that Turkey's admission to the EU would cause significant
global changes. `I wish the US could vote on behalf of
Turkey at the EU summit in December,' Snow reportedly said.
In a separate meeting with Babacan, World Bank President
Wolfenshon said a negative answer by the EU on Turkey's
prospects for full membership would be an enormous mistake.
AKEL leader will not object to 50,000 Turkish immigrants
staying in north Cyprus: Dimitris Hristofyas, leader of the
Greek Cypriot Communist Party AKEL, told "Cumhuriyet" that
the Cyprus problem should be resolved on a `bi-zonal and bi-
communal' model before the EU kicks off entry talks with
Turkey in 2005. When Turkey becomes a full EU member, there
won't be any need for Turkish or Greek troops in Cyprus,
Hristofyas emphasized. Both the fascist Greek junta and
EOKA-B virtually `invited' Turkey to intervene in Cyprus in
1974, he said. Turkey had pledged a troop pullout after
order was established on the island, `but now they have
overstayed,' Hristofyas asserted. `We are not against
guarantor agreements by third countries, but we prefer that
Turkey not have the right to intervene again.' The AKEL
leader said he would accept a maximum of 50,000 immigrants
from the Turkish mainland to remain in the north.
Responding to a question, Hristofyas said he was ready to
discuss with Mehmet Ali Talat possible changes to the Annan
Plan for reunification of the divided island. A meeting of
with Talat would help Turkey's EU drive, but would not
change EU conditions established for Turkey, he underlined.
Hristofyas claimed that if Ankara had recognized Nicosia, he
would have launched an EU tour in support of the Turks' full
membership to the European bloc.
Former EOKA militant acknowledges killing Turkish Cypriots:
A former member of the EOKA (secret organization that worked
for the unification of Greece with Cyprus), Andreas Dimitriu
(67), confessed to the Greek Cypriot daily "Alithia" that he
and his comrades had killed 89 Turkish Cypriots and raped
women in "Taskent" (Tohni) village in north Cyprus on August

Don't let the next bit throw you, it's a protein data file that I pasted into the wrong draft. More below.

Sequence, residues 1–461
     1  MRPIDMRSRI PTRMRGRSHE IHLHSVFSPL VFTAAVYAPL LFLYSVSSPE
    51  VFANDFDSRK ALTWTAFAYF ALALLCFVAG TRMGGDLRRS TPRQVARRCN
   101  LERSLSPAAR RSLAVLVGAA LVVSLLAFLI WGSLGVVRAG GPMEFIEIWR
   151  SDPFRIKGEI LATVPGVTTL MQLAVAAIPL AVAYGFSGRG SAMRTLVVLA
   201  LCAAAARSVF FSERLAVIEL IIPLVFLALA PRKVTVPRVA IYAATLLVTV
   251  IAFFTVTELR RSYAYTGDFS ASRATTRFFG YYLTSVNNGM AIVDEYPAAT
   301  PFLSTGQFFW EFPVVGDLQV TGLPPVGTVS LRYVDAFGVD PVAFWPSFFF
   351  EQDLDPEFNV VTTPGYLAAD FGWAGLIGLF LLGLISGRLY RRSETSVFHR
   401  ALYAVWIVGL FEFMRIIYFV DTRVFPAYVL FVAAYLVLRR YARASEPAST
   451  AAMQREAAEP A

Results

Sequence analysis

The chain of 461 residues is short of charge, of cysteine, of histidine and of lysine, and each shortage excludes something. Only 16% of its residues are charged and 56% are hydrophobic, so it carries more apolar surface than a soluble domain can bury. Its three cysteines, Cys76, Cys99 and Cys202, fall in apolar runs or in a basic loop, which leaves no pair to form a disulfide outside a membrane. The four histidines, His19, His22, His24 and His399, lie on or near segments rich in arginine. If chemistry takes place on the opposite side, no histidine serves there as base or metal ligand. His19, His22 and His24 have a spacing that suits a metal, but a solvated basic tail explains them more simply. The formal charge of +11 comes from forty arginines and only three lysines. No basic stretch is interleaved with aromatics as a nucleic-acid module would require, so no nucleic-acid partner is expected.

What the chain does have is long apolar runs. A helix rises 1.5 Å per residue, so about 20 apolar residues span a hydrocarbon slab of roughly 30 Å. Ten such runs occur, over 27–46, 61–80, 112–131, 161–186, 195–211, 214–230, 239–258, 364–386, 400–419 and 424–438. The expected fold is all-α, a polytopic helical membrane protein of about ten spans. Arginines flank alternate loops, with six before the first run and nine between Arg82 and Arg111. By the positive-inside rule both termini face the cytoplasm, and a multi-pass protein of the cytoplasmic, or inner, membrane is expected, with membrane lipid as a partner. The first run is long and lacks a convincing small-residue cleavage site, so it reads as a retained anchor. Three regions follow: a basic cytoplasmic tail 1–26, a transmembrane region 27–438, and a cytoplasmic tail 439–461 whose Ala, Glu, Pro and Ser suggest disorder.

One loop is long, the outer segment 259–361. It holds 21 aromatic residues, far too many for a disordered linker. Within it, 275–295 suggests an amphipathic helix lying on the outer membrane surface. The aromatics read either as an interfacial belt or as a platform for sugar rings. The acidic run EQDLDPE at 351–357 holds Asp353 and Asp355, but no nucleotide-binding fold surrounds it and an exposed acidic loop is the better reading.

14, 1974. `We did it together with the legal forces of our
state,,' Dimitriu disclosed.
EDITORIAL OPINION: Iraq
"How Much Will the US Listen"
Sami Kohen opined in the mass appeal "Milliyet" (11/23):
"Twenty countries and organizations, including the G-8 and
China, the UN, and the Arab Union, are among the
participants in the Iraq conference in Egypt this week.
Given the unilateral US policy in Iraq to this point, US
participation in such a broad platform increases the
meeting's importance. But how much will the American
participation actually affect US policy in Iraq? How much
will the Bush Administration care about the voices that will
be heard in Sharm-al-Sheikh? President Bush's statements
show that he has no intention to change his policies, but
this conference reflects growing international pressure on
Washington. The basics of the communique that will be
announced at the end of the conference have already been
shaped. The resolution highlights the political transition
process in Iraq, and supports further steps for success.
The elections in Iraq will be held on January 30, a new
government will be established, and the elected parliament
will give the final shape to the constitution. The
communique also insists that participation in the elections
be wide enough to confer democratic legitimacy. There is no
doubt that this is the general hope. But will people really
be able to go to the ballot box in areas where the fighting
continues? Will Sunni leaders stop protesting against the
elections? What will the international committee do to
guarantee free elections with broad participation? The
communique also includes concerns about the duration of the
US-led occupation. It says that the US military presence in
Iraq should not be `open-ended.' This seems rather non-
committal. France insisted on a definite date for a US
pullout, but the Bush administration had no intention to
give a definite date for withdrawal. In light of this
language, it is worth asking how much this statement will
affect Washington's military plans."
"Iran or Syria?"
Yilmaz Oztuna averred in the conservative "Turkiye" (11/23):
"At this point it requires blinded optimism to believe that
the US will give up harassing Iran and Syria.
Realistically, this is the time to think about the timing
and the means of a US attack against those two. The
election process in Iraq is the current focus for the US.
However shortly after the elections -- probably in February
-- the US will begin imposing certain conditions upon Iran
and Syria. . Syria is expected to be cooperative in meeting
the US demands, because it cannot afford a situation like
Afghanistan or Iraq. . Things for Iran are not going to be
easy. Some cosmetic measures such as postponing nuclear
research will not be enough for Washington. The US might
launch an attack against Iran in the end, but an Iraq-style
invasion is unlikely. The US most likely will station
itself in strategic locations around the Gulf region and
start pushing for the division of Iran."